Read more
Midday with Dan Rodricks: Mon. Aug. 25, 1-2 p.m.
10:42 am
Mon August 25, 2014

Early American Healthcare

What was health care like in early America, before and after the revolution? Elaine Breslaw, retired professor of history at Morgan State University, provides a fascinating and skin-crawling chronicle of the 18th Century -- the practitioners and their practices, from purging to pain relief, and the whole realm of alternatives to the infection-fighting medicine that was being developed in Europe. Breslaw, a visiting scholar at the University of Tennessee, is the author of “Lotions, Potions, Pills, and Magic: Health Care in Early America." Original air date 11/13/12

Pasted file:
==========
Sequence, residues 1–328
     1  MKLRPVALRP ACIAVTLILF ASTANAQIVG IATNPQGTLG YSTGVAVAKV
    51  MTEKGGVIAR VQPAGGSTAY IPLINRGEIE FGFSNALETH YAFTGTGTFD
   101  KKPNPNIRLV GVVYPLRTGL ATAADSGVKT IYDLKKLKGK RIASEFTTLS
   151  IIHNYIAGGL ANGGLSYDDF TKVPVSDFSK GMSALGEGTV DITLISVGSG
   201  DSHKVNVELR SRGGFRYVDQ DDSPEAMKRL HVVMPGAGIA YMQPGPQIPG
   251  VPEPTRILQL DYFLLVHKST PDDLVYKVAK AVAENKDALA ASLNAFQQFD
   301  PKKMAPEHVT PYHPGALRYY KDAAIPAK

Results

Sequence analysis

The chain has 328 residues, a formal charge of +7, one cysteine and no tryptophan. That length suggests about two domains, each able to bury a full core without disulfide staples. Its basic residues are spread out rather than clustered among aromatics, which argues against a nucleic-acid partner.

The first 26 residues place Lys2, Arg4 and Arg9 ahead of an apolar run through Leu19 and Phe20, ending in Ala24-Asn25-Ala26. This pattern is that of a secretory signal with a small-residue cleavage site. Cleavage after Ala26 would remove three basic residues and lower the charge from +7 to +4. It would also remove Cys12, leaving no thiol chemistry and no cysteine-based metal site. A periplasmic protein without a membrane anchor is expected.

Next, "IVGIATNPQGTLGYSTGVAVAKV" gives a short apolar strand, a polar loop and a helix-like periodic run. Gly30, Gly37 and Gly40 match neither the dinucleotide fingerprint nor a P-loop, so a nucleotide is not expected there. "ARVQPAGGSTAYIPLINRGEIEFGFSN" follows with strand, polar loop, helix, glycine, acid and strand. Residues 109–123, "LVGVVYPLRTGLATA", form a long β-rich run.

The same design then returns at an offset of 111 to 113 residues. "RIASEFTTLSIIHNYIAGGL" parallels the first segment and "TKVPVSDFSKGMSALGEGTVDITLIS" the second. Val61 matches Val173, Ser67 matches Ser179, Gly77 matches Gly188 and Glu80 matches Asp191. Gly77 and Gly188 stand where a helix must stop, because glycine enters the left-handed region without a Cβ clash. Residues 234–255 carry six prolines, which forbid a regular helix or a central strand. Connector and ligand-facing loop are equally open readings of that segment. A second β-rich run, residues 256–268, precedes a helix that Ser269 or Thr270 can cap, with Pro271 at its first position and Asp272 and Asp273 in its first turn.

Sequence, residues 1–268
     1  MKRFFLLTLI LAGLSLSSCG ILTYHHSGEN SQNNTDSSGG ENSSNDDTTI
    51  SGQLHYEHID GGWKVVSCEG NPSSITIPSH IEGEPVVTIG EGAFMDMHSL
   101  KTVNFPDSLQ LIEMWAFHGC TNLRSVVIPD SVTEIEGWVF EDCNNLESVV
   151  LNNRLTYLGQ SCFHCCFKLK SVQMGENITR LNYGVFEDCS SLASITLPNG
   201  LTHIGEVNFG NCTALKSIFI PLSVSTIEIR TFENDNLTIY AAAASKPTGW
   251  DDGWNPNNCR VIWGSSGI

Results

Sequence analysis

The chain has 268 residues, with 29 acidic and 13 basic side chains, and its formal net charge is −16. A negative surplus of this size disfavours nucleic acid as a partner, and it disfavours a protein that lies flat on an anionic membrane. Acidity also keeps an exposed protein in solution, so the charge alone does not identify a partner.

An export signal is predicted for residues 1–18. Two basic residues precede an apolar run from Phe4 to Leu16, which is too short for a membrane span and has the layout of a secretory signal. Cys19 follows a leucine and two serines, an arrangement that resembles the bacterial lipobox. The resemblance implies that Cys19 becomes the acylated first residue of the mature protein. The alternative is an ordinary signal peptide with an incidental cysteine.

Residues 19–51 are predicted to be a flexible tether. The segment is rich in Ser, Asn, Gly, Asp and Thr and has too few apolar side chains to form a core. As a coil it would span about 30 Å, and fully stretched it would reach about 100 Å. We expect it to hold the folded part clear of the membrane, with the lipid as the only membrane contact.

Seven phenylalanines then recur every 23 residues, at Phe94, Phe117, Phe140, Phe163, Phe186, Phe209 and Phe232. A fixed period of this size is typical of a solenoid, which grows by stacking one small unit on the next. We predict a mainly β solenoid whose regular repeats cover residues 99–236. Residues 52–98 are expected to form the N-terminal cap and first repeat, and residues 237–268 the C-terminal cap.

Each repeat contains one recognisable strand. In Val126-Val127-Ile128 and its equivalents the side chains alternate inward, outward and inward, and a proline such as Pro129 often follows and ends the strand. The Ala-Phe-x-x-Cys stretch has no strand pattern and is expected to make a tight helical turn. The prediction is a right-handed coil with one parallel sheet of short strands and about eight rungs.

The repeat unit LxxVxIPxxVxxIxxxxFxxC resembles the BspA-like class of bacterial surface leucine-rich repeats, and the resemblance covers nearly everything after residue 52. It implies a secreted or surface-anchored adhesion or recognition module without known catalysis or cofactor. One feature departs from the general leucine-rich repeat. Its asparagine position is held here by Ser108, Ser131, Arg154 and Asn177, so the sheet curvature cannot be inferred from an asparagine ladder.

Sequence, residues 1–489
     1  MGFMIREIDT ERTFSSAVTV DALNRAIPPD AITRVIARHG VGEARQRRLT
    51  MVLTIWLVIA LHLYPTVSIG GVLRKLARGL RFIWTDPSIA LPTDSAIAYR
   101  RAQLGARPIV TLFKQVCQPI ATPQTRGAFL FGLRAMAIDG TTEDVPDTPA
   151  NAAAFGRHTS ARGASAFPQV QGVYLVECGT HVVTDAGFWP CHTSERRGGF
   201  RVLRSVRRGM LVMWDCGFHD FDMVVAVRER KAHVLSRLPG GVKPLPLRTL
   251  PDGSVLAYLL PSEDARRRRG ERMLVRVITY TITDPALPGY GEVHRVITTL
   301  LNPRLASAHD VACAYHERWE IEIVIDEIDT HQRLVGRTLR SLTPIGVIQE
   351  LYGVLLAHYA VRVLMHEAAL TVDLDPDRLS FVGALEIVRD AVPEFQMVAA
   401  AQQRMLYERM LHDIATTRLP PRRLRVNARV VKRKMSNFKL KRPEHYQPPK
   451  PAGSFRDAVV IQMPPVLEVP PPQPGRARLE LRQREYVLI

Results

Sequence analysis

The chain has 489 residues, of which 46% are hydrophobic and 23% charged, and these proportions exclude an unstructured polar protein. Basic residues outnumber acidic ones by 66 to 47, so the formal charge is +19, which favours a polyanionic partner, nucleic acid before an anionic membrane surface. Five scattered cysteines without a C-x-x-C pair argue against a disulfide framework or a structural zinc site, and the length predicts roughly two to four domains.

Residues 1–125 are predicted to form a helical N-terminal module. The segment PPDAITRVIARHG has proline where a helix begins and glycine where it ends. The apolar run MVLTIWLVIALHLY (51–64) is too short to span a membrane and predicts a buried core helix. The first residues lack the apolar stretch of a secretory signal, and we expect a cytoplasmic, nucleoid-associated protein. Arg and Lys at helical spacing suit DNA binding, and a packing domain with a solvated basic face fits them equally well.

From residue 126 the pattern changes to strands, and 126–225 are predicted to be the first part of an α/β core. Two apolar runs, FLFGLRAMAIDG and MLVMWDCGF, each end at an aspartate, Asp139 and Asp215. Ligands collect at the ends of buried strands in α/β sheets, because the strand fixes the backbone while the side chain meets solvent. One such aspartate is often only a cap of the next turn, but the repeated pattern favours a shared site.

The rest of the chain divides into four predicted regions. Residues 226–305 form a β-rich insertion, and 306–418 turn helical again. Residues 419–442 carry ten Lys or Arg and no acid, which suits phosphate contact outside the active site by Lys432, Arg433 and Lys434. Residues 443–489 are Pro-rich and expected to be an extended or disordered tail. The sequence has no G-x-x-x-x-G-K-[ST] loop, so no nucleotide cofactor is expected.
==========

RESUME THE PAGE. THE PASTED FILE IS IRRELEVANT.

Read more
Midday with Dan Rodricks: Mon. Aug. 25, 12-1 p.m.
10:39 am
Mon August 25, 2014

Politics of the Surgeon General

Mike Stobbe, national medical correspondent for The Associated Press, examines the mixed-up business of politics and the U.S. Surgeon General's office in, "Surgeon General's Warning: How Politics Crippled the Nation's Doctor." Original air date 7/29/14 

Read more
Midday with Dan Rodricks: Thurs. Aug. 21, 12-1 p.m
10:39 am
Thu August 21, 2014

The Struggle For Affordable Childcare

A deep look at the lack of affordable child care in the United States, particularly in an era of single-parent households and families that require two wage earners. Corey Shdaimah, an associate professor at the University of Maryland School of Social Work, says that unlike most developed countries, the U.S. has never established a system of government-funded child care -- a problem that reflects the country's conflicts about working and parenting.